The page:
One thing that's been clear today is that Bouchard is having far more success getting her ball through the court. Sharapova's shots, particularly on her forehand, are holding up.
Sharapova gets the hold at 15. Bouchard will serve to force the tiebreak.
Quick stat check: Sharapova has pulled ahead on the overall winner count. She trailed Bouchard after the first set, but she's now at 22 winners to 20 for Bouchard. Sharapova has been cleaner, too, hitting 22 unforced to Bouchard's 32. And that includes all those horrible double faults.
Break points for Sharapova at 15-40. She pushes a forehand long on the first one, but Bouchard nets a forehand on the second. Huge scream and fist pump from Sharapova and we are going three sets.
Can the Russian win her 19th straight clay-court three-setter? Bouchard has to clean things up. She hit a whopping 20 unforced to just seven winners in that second set and Sharapova looked in control from the get-go.
Eugenie Bouchard is the only woman to reach two Slam semifinals in 2014. (Clive Brunskill/Getty Images)
10:37 a.m. ET | Bouchard breaks, trails 5-4*.
Bouchard holds. The most interesting thing in that game was the French crowd booing and whistling for no apparent reason. Just to remind us all that they're there, I guess. Sharapova will serve to force a third set.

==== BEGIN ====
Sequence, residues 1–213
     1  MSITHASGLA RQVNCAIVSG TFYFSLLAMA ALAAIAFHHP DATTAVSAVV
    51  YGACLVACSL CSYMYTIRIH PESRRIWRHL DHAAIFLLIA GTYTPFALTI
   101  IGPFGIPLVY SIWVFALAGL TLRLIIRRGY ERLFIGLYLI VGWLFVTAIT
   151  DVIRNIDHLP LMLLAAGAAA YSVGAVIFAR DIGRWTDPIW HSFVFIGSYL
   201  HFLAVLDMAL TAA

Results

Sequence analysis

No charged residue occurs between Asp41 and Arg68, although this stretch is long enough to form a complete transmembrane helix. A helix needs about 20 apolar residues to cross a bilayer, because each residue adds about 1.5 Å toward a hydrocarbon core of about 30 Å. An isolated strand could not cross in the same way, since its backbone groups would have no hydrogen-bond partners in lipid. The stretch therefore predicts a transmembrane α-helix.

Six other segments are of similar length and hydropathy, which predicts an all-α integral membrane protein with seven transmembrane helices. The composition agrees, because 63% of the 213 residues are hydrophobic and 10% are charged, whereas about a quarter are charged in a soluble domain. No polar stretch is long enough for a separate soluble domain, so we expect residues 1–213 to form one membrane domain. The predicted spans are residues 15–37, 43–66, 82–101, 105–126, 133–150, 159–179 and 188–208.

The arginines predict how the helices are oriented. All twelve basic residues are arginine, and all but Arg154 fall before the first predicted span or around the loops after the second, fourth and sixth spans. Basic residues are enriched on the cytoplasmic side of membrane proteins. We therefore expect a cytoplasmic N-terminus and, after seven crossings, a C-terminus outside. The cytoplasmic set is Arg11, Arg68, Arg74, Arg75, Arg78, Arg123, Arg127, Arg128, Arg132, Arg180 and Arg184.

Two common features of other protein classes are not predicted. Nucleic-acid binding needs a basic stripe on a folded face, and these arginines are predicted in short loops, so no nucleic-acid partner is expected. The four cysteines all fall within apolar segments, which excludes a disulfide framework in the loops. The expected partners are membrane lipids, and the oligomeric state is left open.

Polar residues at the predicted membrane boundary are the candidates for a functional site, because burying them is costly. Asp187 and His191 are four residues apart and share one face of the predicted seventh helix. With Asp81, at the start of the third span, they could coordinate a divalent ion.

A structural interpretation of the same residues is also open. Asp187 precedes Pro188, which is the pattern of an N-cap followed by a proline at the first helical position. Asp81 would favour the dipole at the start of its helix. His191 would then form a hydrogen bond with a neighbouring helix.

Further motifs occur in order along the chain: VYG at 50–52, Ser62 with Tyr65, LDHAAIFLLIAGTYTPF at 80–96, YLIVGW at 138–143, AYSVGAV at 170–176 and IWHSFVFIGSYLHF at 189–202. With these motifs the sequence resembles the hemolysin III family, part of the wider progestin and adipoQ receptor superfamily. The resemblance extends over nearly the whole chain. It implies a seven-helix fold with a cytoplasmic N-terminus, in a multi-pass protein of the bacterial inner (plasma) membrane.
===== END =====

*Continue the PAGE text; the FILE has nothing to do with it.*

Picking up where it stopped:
I've been away from American TV for over a month now so I appreciated the Orphan Black reference.
Sharapova earns set point in a tight service game and she ... double-faults. Deuce.
Fantastic point from Sharapova, though, to earn another game point. Good clean, deep hitting from her until she finally gets a good forehand ball to hit her 18th winner of the match.
So obviously she double-faults again on set point to fall back to deuce.
The French crowd erupts as Bouchard hits a great return and follows it up with a forehand drive volley winner to earn break point. Sharapova saves it with a good first serve down tee and screams her five zillionth "COME ON!!!"
Sharapova earns set point No. 3 with a clean backhand winner down the line. She takes a little bit off her first serve this time -- for fear of the double fault, clearly -- and Bouchard pounces on it, hitting a good backhand return that Sharapova puts in the net. At deuce again, Bouchard gets Sharapova on the run and then clips the baseline with a winner. Sharapova glares at the line judge, but she knows it's in.
Down break point, Sharapova hits ... a clean second serve ace! Where the heck did that come from?
But finally, on her third break point of the game, Bouchard converts to keep this set going. Can Sharapova earn the break to seal the set? Lord knows she doesn't want to have to serve in a pressure game.
10:30 a.m. ET | Sharapova holds, leads 5-2*.
Bouchard holds. Sharapova responds with a hold of her own. The surprising thing is how easy it was. Better serving from the Russian in that game.
Bouchard's coach, Nick Saviano, is standing during the changeover. He pounds his chest and nods his head when Bouchard looks over.
10:25 a.m. ET | Sharapova holds, leads 4-1*.